Another squall came as we set off on Saturday morning, which Paul describes in his post. This one was more intense and from the look of the sky it seemed to me that bad weather was set for the day. Once again, the force of the waves rocked us from side to side, and the wind reached speeds of up to 40 knots. Paul discovered his wet weather gear wasn’t waterproof while he was up above steering in extremely poor visibility and said he felt cold for the first time since we’d arrived.
Meanwhile, in the cabin, I succumbed to slight seasickness, having made the mistake of trying to read. I had to lay down on the port side sofa like a lady on a chaise lounge until it passed, which thankfully wasn’t long.
Conditions had improved by 1pm so I went above to help watch for buoys, fishing lines and ferries as we approached Penang Bridge. Obviously from away it looked as if our mast wouldn’t fit underneath it but it was most disconcerting that this perception didn’t alter as we got nearer. I just had to double check with Paul that it would – thus inviting the response that unless they’d lowered the bridge since he was here last, all would be fine…guess I asked for that.
My impression of Penang itself as we drew near wasn’t terribly favourable. High rise buildings, industrial units, and lots of debris in the murky water. At this point, Paul felt it prudent to tell me more about the place: the marina shower and toilet block was unusable due to its being filthy; there would be mosquitoes, and they would bite; the cockroaches I’d see wouldn’t be just any old cockroaches – these can fly; electricity and water might be intermittent; the nearby motorway was noisy and we would be rocked about by passing boats while on the emergency pontoon…oh, and let’s not forget that Paul got mugged last time he was here! Yet Paul loves it here – he describes it as Birkenhead North on steroids.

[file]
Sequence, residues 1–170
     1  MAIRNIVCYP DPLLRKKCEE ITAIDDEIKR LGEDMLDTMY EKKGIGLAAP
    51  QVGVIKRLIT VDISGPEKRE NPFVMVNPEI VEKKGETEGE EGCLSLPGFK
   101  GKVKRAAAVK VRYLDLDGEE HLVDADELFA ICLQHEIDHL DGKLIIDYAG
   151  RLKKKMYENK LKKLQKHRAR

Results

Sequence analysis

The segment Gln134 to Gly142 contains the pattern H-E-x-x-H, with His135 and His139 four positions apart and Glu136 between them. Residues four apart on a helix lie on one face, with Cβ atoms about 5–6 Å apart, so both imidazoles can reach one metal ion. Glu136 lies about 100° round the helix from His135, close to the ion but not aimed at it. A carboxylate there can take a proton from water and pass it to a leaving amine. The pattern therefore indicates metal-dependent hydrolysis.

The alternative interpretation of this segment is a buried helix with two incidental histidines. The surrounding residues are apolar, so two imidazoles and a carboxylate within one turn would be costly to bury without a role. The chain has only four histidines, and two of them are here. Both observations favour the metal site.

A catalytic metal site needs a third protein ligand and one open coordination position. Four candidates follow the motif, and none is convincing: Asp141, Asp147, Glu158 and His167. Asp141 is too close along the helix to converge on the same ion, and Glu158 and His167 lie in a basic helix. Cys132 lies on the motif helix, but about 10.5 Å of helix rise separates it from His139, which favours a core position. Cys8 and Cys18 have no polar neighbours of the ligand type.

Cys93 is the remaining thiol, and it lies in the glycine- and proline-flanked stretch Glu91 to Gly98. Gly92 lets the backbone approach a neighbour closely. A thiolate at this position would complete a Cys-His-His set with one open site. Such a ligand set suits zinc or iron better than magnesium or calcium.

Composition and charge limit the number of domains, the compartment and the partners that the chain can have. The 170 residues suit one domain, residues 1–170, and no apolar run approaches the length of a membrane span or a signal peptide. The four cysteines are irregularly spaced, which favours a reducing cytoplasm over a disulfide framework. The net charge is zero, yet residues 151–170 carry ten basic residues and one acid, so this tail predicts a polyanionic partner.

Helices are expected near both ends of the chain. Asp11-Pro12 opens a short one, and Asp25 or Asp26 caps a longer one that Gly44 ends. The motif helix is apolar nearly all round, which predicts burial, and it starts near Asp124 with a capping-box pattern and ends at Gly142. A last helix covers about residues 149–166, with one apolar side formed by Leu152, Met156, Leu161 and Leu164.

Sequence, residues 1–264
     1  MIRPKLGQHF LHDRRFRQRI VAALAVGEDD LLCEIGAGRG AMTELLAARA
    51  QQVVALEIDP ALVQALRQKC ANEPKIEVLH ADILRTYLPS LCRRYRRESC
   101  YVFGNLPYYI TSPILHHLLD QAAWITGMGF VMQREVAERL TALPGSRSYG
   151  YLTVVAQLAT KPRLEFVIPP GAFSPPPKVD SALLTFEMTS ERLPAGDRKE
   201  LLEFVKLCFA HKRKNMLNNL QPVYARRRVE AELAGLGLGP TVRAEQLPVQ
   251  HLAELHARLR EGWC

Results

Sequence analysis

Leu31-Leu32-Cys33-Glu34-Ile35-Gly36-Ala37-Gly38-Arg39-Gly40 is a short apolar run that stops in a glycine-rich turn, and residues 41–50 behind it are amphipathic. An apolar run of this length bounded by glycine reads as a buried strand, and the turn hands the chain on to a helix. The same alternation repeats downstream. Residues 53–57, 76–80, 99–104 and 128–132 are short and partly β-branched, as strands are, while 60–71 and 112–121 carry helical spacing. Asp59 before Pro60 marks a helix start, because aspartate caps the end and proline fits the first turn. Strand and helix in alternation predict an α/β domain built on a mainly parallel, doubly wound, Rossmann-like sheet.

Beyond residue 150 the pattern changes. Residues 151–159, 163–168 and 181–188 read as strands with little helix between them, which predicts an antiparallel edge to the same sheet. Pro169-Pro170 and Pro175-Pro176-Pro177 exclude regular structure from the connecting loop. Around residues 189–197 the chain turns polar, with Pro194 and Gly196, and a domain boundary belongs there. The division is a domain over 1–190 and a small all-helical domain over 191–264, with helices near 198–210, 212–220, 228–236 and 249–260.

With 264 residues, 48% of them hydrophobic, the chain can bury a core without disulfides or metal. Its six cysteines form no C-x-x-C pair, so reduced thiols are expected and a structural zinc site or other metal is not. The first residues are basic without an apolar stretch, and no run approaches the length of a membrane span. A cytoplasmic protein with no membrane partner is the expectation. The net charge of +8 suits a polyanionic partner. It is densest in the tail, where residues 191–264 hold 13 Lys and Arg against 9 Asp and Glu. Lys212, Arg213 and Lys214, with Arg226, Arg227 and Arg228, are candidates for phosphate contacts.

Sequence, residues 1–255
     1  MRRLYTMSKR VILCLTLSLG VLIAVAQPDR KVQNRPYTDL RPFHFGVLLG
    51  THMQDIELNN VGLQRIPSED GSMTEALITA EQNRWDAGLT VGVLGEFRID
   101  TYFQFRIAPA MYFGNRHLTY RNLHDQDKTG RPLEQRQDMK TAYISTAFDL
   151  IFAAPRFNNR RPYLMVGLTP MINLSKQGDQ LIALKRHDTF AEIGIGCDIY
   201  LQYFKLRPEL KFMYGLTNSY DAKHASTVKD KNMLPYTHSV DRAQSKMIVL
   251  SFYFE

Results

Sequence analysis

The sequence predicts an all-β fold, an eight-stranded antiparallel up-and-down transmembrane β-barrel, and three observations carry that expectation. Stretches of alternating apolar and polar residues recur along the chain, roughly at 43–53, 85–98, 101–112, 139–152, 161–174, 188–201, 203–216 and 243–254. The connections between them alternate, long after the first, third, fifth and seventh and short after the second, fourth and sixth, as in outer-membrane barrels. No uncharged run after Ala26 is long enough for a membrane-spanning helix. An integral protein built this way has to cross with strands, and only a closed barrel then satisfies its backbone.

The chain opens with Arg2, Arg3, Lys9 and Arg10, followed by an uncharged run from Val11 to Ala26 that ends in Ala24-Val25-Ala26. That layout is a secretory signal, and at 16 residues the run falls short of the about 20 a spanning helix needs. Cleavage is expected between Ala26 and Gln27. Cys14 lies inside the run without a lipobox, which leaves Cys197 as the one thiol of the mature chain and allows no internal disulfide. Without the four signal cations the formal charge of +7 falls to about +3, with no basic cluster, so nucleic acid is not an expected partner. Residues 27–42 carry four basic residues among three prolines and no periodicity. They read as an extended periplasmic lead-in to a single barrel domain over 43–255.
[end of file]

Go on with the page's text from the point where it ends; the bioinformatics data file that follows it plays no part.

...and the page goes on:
By the time we were tied up on the pontoon at 4pm in the sweltering heat, Paul had an addition to those negative pieces of information – it’s hotter here than Langkawi. Despite my concerns about how I’d cope with all that, I decided to wait a few days before I judged it too harshly. We went for dinner in the evening at one of the nearby Malay restaurants that Paul had eaten in when he was here in June. It was quite smelly on the walk there – stagnant water, mud, and other unidentifiable odours, and I saw a rat scuttle off down one of the building pipes. There are lots of scooters here. Several passed us as we walked the short distance to the restaurant and most of the riders slowed down to wave or give us a friendly greeting. The eating places looked like a street market from a distance – lit up and open plan with delicious smells emanating from them. Ours was very busy, pleasant-looking and specialised in seafood. Our request about the possibility of dishes without meat and fish threw our poor waiter a bit but we managed to order a mango salad and some paprika rice for me while Paul had a chicken dish. Neither of us were overly impressed with the food but I enjoyed the ambience, and the haphazard, chaotic service was somehow charming. When we went to pay, our check couldn’t be found and we had to stand aside while other people in the queue paid before us. When we eventually settled up, Paul was surprised by the amount and it was only later he discovered he’d been charged for a sea bass (we’d paid for someone else’s dinner).
Now that I’ve had my first full day here it really isn’t a squalid or undesirable place. It does seem hotter, but it’s a drier heat and you simply stay out of it while it’s fierce. The boat is cool enough and there’s always plenty to do on it, as there is in any dwelling. I’ve seen no cockroaches yet, although I have been bitten (possibly by mosquitoes or maybe sandflies) but they’re not as bad as the ones in Spain. The shower and toilet block is perfectly ok to use, and I can’t hear the traffic noise. We’re here for three weeks and there are lots of places to visit as well as the festival so I’m looking forward to seeing what else Penang has to offer.